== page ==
This ecology of ethics seeks to balance the needs of the individual and those of the various levels of community. As James A. Mackin, Jr., shows, both modernism and postmodernism have undermined the traditional foundations for ethics. Using an ecological model, however, Community over Chaos develops a common ground for ethical judgments about communication, thus countering the current theoretical climate of pessimistic cynicism toward the very possibility of ethics. This theoretical pessimism is not merely an academic problem. The general public is becoming more and more disillusioned about the possibility of ethical communication. We are unable to teach principles of communicative ethics in our primary and secondary schools because we cannot agree on a common ground for those principles. Instead, we teach a narrow form of competence that is concerned primarily with short-term, individual success. Because our communities are built on our communicative practices, our inability to justify communicative ethics must ultimately lead to the disintegration of our communities. Mackin's ecological model assumes that each of us is a communicative system operating within larger communicative systems that together form our communicative ecosystem. Virtues of the ecological approach are practical wisdom, based in fuzzy logic, and communicative openness and honesty. Mackin recognizes the importance of both chaos and community in our communicative ecosystems. Chaos, as the source of originality and creativity, can contribute to growth and development; community provides the source of regularity and nurture that makes chaos endurable.
What is the meaning of the Balkans in the early 21st century? Former Yugoslav countries seek a self-flattering alliance with 'the West' via EU membership, while the Union's citizens increasingly declare to be 'Eurosceptic'. At the same time, economic turmoil in countries like Greece confronts massive incoming waves of refugees, for whom Europe's south-eastern borders are the nearest shelter. In this time of crisis, the Balkans return on the agenda as a parable of Europe's haunting questions about its future. EU, Europe Unfinished brings together established and emerging media and cultural scholars to explore colliding visions of space and identity within a declining continent. Whereas Europe imagines the Balkans to be the source of its nearest trouble, the region envisions Europe as a refuge from ongoing post-socialist transition. The book adopts a variety of critical perspectives - from media and policy analysis to anthropology, art history and autobiography - to investigate where Europe is headed with the Balkans in its skein, 25 years after the fall of the Iron Curtain.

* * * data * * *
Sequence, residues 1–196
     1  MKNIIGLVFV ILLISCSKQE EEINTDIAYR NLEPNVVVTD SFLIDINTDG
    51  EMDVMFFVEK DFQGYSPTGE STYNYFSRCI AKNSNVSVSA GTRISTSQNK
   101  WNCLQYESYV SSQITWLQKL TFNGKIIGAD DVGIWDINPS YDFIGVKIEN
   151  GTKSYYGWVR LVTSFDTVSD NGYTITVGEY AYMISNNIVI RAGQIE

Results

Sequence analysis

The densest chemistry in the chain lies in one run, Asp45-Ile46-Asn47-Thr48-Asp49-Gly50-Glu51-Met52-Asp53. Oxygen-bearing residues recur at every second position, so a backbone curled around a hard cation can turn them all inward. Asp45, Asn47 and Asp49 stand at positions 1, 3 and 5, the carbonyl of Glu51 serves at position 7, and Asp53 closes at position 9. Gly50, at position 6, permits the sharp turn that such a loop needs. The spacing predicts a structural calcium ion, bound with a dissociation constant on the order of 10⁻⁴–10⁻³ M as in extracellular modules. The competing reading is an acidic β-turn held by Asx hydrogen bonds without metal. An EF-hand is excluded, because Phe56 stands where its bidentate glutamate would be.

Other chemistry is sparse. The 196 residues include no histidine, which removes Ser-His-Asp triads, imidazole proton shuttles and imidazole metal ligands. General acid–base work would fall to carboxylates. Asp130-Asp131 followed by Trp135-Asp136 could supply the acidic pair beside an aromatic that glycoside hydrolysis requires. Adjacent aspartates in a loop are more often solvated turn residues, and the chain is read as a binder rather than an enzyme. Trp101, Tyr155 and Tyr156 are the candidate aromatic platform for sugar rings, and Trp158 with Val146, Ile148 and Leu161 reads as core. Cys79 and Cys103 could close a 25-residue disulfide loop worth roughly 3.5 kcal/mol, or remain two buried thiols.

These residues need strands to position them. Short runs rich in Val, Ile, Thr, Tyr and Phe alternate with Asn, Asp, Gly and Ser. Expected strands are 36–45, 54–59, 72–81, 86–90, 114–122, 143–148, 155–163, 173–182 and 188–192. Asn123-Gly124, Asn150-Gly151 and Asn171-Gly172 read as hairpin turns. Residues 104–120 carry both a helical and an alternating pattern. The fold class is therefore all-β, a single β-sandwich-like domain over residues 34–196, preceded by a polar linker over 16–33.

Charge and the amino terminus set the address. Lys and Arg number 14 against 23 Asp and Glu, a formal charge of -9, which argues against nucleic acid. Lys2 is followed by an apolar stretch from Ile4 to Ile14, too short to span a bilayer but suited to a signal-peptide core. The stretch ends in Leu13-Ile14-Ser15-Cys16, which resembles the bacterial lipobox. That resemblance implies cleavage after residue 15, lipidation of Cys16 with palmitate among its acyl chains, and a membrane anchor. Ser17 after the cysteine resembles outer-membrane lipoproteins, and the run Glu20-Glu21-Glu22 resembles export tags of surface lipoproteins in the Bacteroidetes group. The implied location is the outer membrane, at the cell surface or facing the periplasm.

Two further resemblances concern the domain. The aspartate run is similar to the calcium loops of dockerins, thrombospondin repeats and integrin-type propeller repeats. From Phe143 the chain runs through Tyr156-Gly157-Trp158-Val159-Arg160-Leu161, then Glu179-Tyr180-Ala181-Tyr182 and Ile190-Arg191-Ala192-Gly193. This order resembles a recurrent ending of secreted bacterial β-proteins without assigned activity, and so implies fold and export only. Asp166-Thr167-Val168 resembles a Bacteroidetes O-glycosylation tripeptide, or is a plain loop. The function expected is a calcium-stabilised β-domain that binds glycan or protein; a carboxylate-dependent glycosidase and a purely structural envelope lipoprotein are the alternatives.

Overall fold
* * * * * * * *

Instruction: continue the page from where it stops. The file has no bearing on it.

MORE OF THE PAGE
Civil society and civic engagement have increasingly become topics of discussion at the national and international level. The editors of this volume ask, does the concept of civil societyA" include gender equality and gender justice? Or, to frame the question differently, is civil society a feminist concept? Conversely, does feminism need the concept of civil society? This important volume offers both a revised gendered history of civil society and a program for making it more egalitarian in the future. An interdisciplinary group of internationally known authors investigates the relationship between public and private in the discourses and practices of civil societies; the significance of the family for the project of civil society; the relation between civil society, the state, and different forms of citizenship; and the complex connection between civil society, gendered forms of protest and nongovernmental movements. While often critical of historical instantiations of civil society, all the authors nonetheless take seriously the potential inherent in civil society, particularly as it comes to influence global politics. They demand, however, an expansion of both the concept and project of civil society in order to make its political opportunities available to all.
As Australians, we traditionally see ourselves as friendly, relaxed and connected people. But is this an outdated stereotype? The data from our census and countless other surveys show that Australian society is shifting rapidly. These days, chances are you never quite get around to talking to your neighbours. Youre always too busy to give blood. Youre so tired on Sunday mornings, you just never make it to church. And as for those after work local community meetings...If this sounds like your life, you might find that youve become Disconnected that like most Australians, youve lost touch with your community. Andrew Leigh guides us through the causes of this corrosion of relationships, and toward a vision for a better civic and personal life.
You may like...
Blacks Do Caravan
Fikile Hlatshwayo Paperback
Black Tax - Burden Or Ubuntu?
Niq Mhlongo Paperback
Community psychology: Analysis, context…
N. Duncan, B. Bowman, … Paperback
Trustbuilding - An Honest Conversation…
Rob Corcoran Paperback R619 Discovery Miles 6 190
Guns, Germs, and Steel: The Fates of…
Jared Diamond Hardcover
Selling Hate - Marketing the Ku Klux…
Dale W Laackman Paperback
I'm Staying - The Unspoken Impact Of The…
Natasha M Freeman Paperback (1)
New Directions in Slavery Studies…
Jeff Forret, Christine E. Sears, … Hardcover R1,086 Discovery Miles 10 860
New Daughters Of Africa - An…
Margaret Busby Paperback
Historic Firsts - How Symbolic…
Evelyn M Simien Paperback R833 Discovery Miles 8 330